Preferably, the axis of the third fiber forms an angle 2θ with the axis of the first fiber which is twice as great as the angle θ which is formed by a surface normal of the second end surface with the axis of the first fiber. The second end surface forms an angle with the axis of the first fiber which angle is in a range of between 45° and the arc sine (AN /n0), wherein AN denotes the numerical aperture of the first fiber and n0 is the index of refraction of the light conducting area of the first fiber. The numerical aperture of the third fiber is equal to or greater than the numerical aperture of the first fiber and the numerical aperture of the second fiber is equal to or less than the numerical aperture of the first fiber. The first, second and third fibers may all be fibers with a stepped index of refraction. Also, while the first and third fibers are fibers having a stepped index of refraction, the second fiber may be a fiber with a gradient index of refraction. Preferably, the first and third fibers are fibers which have a thick core, which has a diameter for the light conducting portion of approximately 200 μm while the core diameter of the light conducting portion of the second fiber is approximately 50 μm and preferably all of the fibers have a numerical aperture of 0.3
The FIGURE shows an embodiment of the coupling element in accordance with the present invention.
The principles of the present invention are particularly useful in a coupling element illustrated in the FIGURE. The coupling element comprises a first optical fiber fs, a second optical fiber fe, a third optical fiber fa and means for supporting the fibers in the desired relationship.
The first optical fiber fs is a system fiber that has an end formed by a first end surface Ae and a second end surface Aa which surfaces are illustrated as extending at an angle relative to each other. The first end surface Ae is perpendicular to the axis A1 of the first fiber fs, however, the second end surface Aa is inclined at an angle of 90°-θ relative to the axis A1 which angle lies in a range between 45° and the arc sine (AN /n0), wherein AN is the numerical aperture of the first fiber fs. As illustrated, the second end surface Aa is covered with a reflective layer R.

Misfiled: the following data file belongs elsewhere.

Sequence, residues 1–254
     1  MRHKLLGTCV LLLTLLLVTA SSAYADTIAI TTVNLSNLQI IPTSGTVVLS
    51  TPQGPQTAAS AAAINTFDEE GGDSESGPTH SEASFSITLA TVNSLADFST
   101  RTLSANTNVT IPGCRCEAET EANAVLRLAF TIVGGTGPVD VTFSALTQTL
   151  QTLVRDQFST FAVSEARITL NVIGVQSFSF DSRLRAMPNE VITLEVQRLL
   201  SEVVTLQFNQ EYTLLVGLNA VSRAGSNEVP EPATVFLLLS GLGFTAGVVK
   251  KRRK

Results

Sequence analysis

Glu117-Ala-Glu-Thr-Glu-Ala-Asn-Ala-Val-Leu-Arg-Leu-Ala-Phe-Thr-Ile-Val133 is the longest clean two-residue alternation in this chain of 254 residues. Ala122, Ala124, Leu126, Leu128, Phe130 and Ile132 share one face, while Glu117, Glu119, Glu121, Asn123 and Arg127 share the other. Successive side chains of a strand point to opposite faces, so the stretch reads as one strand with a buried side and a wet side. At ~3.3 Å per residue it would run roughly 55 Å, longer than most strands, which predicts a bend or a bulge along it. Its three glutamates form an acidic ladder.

The second optical fiber fe, which serves as an incoupling fiber for coupling light into the system fiber fs, is coupled with a butt-joint to the first end surface Ae of the first optical fiber, which end surface, as pointed out hereinabove, extends perpendicular to the axis A1. As illustrated, the second fiber fe has a second axis which extends parallel to the axis A1 but is offset therefrom. The light conducting area or core of the second fiber fe has a diameter de, which is smaller than a diameter da of the light conducting area or core of the third optical fiber fa, which extends or branches laterally off from the first optical fiber adjacent the end. The third optical fiber fa serves as an out-coupling fiber for coupling light out of the first optical fiber fs. A reception diode (not illustrated) may be coupled to the far or opposite end of the output coupling fiber formed by the third fiber fa.